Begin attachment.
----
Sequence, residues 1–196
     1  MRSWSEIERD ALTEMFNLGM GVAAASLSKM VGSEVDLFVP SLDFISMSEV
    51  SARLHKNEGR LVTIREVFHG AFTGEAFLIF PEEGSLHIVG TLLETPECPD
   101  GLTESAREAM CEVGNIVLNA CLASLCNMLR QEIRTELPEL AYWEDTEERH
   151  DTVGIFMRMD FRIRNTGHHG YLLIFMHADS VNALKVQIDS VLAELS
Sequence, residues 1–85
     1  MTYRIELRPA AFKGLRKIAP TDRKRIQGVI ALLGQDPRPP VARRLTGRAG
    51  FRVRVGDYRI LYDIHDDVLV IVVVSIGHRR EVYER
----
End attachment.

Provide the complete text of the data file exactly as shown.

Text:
Sequence, residues 1–196
     1  MRSWSEIERD ALTEMFNLGM GVAAASLSKM VGSEVDLFVP SLDFISMSEV
    51  SARLHKNEGR LVTIREVFHG AFTGEAFLIF PEEGSLHIVG TLLETPECPD
   101  GLTESAREAM CEVGNIVLNA CLASLCNMLR QEIRTELPEL AYWEDTEERH
   151  DTVGIFMRMD FRIRNTGHHG YLLIFMHADS VNALKVQIDS VLAELS
Sequence, residues 1–85
     1  MTYRIELRPA AFKGLRKIAP TDRKRIQGVI ALLGQDPRPP VARRLTGRAG
    51  FRVRVGDYRI LYDIHDDVLV IVVVSIGHRR EVYER